INTERLAMINAR STRENGTH AND TOUGHNESS OF FIBERGLASS LAMINATES.

G. B. McKenna, J. F. Mandell, F. J. McGarry

Research output: Contribution to conferencePaperpeer-review

6 Scopus citations

Abstract

The interlaminar tensile and shear strength and fracture toughness have been studied as a function of fiber surface treatment, style of reinforcement, and matrix material. Suitable tests were developed to achieve pure states of tension and shear stress and opening mode (cleavage) crack propagation. The interlaminar fracture surface work was significantly greater than that of the unreinforced matrix for all except rubber-toughened epoxy. Interlaminar shear and tensile strength were less than those observed with the unreinforced matrix; failure occurred primarily in the interface. Both the strength and toughness were insensitive to the fiber surface treatment, but the toughness could be increased significantly by the inclusion of a small amount of glass or nylon fiber in the thickness direction and to a lesser extent by the inclusion of chopped nylon fibers between the plies.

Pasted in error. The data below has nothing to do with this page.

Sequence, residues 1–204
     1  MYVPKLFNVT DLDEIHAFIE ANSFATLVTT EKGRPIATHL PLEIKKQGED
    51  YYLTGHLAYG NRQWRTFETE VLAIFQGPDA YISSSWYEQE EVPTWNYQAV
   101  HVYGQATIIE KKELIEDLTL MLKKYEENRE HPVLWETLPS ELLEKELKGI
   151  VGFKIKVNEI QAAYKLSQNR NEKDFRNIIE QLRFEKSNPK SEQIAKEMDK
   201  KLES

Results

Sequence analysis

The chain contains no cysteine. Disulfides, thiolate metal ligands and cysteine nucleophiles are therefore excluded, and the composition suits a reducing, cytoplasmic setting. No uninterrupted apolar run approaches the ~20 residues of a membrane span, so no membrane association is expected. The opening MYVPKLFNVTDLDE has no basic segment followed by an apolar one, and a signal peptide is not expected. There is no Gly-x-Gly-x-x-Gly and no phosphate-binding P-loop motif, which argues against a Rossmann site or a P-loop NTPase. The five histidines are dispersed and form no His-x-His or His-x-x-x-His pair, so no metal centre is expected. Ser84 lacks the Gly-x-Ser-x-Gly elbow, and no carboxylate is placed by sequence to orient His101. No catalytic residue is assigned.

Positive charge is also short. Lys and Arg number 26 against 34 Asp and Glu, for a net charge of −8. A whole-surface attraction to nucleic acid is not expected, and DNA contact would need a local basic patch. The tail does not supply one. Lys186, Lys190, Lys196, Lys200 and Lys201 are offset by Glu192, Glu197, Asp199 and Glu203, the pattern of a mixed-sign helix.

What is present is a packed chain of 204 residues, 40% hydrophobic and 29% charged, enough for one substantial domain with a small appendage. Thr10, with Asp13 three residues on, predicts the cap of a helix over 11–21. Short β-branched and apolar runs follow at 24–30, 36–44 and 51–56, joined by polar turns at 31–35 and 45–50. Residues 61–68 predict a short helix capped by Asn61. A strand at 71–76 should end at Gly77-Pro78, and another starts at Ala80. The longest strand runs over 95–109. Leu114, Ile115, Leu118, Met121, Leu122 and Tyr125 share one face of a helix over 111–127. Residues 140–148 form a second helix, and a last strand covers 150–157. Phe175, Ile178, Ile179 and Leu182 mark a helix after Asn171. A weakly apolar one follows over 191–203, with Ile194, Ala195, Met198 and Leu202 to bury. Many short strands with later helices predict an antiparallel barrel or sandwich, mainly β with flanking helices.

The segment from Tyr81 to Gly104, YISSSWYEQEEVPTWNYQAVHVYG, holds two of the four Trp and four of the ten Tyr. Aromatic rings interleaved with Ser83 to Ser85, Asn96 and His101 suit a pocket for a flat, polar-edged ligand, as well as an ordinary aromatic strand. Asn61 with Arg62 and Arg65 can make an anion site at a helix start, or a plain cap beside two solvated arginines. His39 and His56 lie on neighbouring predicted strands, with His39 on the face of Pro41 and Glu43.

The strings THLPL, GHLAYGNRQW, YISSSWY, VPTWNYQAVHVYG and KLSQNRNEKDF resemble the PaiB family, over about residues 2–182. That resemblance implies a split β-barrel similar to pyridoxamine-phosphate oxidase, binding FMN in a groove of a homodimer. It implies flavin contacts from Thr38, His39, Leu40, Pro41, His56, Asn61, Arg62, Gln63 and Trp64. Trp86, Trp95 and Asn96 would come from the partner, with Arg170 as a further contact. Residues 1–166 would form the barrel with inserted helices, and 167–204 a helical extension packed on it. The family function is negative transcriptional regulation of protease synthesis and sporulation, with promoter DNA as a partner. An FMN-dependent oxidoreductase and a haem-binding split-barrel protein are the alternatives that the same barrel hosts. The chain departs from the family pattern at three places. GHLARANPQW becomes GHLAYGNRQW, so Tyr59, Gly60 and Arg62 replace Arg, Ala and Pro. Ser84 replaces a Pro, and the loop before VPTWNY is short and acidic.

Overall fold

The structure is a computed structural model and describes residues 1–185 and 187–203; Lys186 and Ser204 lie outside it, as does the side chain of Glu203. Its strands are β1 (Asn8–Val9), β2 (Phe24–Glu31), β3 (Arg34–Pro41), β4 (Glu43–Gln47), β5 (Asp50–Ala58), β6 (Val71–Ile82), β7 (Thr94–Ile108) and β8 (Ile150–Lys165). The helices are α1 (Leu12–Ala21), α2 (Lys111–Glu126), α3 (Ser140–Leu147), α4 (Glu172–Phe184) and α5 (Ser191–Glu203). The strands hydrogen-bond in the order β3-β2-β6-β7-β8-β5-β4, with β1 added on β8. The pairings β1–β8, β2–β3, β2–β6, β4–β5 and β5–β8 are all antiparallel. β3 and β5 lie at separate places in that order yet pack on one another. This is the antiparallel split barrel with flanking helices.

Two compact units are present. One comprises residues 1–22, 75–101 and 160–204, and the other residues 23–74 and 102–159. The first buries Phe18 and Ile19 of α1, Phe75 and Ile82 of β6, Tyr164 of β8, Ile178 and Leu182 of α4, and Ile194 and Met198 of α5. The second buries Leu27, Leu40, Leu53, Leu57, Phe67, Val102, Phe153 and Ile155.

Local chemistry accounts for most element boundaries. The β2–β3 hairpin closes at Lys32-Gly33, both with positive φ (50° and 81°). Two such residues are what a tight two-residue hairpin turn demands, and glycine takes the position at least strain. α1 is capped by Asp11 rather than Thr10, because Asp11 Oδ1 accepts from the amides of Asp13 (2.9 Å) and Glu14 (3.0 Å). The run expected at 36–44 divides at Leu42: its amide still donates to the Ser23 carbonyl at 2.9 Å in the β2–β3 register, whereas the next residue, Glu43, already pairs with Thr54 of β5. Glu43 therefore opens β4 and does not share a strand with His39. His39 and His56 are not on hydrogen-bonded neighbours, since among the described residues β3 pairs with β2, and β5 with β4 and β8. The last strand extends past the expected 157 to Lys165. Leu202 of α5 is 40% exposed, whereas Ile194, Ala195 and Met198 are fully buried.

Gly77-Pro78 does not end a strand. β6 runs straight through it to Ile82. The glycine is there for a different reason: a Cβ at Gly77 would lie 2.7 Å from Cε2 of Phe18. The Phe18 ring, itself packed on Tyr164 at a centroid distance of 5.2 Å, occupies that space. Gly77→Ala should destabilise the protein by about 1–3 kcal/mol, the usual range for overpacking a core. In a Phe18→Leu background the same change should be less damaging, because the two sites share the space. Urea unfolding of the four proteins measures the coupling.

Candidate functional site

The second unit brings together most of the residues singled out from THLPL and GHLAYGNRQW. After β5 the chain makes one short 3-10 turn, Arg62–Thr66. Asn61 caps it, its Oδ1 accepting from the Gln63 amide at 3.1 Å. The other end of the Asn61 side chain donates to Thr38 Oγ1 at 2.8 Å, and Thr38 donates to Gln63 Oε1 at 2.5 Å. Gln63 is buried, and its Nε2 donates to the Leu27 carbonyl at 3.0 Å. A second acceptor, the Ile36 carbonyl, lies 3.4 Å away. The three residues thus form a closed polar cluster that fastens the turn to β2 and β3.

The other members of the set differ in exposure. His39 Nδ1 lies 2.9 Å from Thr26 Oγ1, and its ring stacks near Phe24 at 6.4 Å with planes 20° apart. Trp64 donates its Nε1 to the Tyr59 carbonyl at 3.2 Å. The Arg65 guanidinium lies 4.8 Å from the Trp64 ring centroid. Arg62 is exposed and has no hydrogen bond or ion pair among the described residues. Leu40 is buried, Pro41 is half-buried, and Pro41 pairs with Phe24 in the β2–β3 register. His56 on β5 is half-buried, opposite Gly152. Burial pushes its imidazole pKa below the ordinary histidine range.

Original languageEnglish
StatePublished - 1974
EventSect 13-C - Washington, DC, USA
Duration: Feb 5 1974Feb 8 1974

Conference

ConferenceSect 13-C
CityWashington, DC, USA
Period02/5/7402/8/74

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